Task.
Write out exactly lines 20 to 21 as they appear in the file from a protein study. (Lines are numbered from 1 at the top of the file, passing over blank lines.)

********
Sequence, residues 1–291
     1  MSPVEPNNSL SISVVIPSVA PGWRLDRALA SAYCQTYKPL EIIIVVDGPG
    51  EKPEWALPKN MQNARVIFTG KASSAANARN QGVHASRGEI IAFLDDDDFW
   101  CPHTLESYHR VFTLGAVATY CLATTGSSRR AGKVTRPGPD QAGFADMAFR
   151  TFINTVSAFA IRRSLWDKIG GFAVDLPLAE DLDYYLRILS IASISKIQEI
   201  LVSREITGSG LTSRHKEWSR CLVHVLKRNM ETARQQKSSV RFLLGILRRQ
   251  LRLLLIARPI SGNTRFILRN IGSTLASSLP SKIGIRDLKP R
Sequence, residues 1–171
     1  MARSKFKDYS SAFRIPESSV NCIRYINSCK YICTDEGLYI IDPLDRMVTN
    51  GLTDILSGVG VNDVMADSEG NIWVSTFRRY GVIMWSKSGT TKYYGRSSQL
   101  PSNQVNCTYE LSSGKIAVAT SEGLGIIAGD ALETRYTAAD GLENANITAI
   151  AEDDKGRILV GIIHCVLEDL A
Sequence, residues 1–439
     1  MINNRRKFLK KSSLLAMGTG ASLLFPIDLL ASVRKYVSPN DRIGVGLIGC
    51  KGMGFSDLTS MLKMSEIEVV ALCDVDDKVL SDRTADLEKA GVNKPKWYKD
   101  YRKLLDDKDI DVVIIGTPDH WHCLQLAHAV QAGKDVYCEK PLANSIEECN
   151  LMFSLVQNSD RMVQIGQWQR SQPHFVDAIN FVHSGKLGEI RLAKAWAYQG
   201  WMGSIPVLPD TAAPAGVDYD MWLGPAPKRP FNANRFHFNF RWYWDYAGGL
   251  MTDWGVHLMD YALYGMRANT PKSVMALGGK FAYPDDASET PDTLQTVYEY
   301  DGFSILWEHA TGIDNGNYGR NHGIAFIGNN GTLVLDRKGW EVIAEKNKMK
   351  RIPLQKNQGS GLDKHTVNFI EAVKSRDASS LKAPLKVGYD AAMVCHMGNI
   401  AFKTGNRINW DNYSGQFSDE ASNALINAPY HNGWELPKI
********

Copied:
   301  DGFSILWEHA TGIDNGNYGR NHGIAFIGNN GTLVLDRKGW EVIAEKNKMK
   351  RIPLQKNQGS GLDKHTVNFI EAVKSRDASS LKAPLKVGYD AAMVCHMGNI